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|New SQL Language Features for SQL Server 2022|
|SQL Server 2022 is now in preview (you can download an evaluation copy). It includes new functions to split strings, trim text and truncate dates, among other things.|
You can now download an evaluation copy of SQL Server 2022 (internal version 16.x) - so I did!
You can see all of the changes for the new version - and also a download link for an evaluation copy - at this Microsoft site.
The interesting new language features are as follows:
|Splitting strings||The website announces the STRING_SPLIT function, which allows you to turn a comma-delimited string of values into a table. I got really excited about this, but then realised I'd written a full blog announcing this back in March 2021!|
|Trimming text||You can now specify which characters you want to trim from the front or back of a string of text (see below for more on this).|
|Truncating dates||You can now choose to what extent you want to simplify a date or date/time (for example, you could just pick out the year, or the year/month). The only way to understand this is with examples, which I've included below.|
|JSON functions||There are new functions to check if a string of text is in JSON format and to generate JSON objects, but with so many better tools around for importing and exporting JSON it's hard to see you doing this in SQL Server Management Studio.|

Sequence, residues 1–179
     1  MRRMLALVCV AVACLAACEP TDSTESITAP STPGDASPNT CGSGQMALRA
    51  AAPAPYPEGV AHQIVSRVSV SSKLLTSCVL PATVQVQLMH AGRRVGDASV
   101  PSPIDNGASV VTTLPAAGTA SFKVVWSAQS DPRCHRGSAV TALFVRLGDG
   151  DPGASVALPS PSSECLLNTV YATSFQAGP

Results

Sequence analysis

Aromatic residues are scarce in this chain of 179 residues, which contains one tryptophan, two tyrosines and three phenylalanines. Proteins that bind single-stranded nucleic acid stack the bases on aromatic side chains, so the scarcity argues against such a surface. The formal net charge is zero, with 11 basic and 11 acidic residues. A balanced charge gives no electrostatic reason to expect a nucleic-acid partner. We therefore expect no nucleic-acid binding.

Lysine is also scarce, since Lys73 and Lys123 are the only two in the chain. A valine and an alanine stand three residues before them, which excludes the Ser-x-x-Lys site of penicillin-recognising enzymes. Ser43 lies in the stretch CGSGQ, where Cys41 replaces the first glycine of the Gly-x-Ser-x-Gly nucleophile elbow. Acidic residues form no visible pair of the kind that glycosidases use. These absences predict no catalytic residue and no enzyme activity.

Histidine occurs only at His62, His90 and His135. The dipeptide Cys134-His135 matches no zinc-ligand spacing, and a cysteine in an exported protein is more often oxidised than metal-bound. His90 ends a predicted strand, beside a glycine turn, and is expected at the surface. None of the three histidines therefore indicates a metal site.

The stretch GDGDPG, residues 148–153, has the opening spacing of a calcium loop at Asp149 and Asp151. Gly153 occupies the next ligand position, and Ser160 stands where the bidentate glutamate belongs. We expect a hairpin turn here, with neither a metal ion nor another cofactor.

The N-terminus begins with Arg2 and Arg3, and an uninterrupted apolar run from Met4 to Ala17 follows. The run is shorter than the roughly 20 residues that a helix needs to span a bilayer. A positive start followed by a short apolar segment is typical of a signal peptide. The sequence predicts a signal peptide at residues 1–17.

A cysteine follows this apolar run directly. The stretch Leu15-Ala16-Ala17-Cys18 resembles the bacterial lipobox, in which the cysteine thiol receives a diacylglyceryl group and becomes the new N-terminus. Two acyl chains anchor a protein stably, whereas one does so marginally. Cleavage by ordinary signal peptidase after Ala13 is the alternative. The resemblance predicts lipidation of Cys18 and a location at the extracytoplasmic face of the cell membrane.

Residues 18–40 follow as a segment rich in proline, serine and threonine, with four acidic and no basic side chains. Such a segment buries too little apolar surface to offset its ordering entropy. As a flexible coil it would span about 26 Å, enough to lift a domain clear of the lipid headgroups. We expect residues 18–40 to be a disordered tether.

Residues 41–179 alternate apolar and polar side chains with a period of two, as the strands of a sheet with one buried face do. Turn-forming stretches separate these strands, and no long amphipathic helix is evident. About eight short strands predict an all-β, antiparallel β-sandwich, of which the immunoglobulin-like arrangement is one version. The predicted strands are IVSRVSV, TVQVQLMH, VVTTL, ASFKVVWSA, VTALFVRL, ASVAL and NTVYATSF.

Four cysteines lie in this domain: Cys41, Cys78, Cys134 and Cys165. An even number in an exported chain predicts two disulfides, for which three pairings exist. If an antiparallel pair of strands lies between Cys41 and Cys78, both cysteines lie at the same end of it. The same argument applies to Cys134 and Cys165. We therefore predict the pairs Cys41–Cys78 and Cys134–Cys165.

|Time series functions||You can now generate a series of numbers and also pick out the last day, week, month, etc in a time interval, but again it's hard to see why you would ever choose to work with time series data in SQL!|
The updated LTRIM, RTRIM and TRIM functions allow you to specify which characters you want to remove from the beginning and end of a string of text. For example, consider this query:
trim(BOTH 'e ht' FROM f.FilmName) AS TrimmedTitle
tblFilm AS f
f.FilmName like 'the%'
This might give these results for a table of films:
We've tried to remove the The from the start of each film (it didn't matter which order we put the characters in, as they'll each be removed separately), but this has played havoc with Terminator!
Obviously in the above example we could have avoided lopping characters off the end of film names by using LTRIM, or solved the problem more reliably using the replace function.
The DATETRUNC function is similar to the EOMONTH function in Excel, but has two differences: it picks out the start of a period and not the end of it, and you can use it for any time period (from microseconds all the way up to years).
Here's an example of the use of DATETRUNC to show film release dates:
-- date format used
DECLARE @df varchar(max) = 'ddd dd MMM yyyy'
-- the release date of this film
FORMAT(f.FilmReleaseDate,@df) AS ReleaseDate,
-- truncating the month
FORMAT(DATETRUNC(month,f.FilmReleaseDate),@df) AS FirstDayOfMonth,
-- truncating the quarter
FORMAT(DATETRUNC(quarter,f.FilmReleaseDate),@df) AS FirstDayOfQuarter,
-- truncating the year
FORMAT(DATETRUNC(year,f.FilmReleaseDate),@df) AS FirstDayOfYear
tblFilm AS f
Here's the start of the output this might give:
For each film you see its release date, the start of this month, the start of this quarter and the start of this year.
This is probably the update's most useful function (you can subtract one day from the start of a period to get the end of the preceding one), but it has a strange name! Why not call it StartOfPeriod, or something like that?
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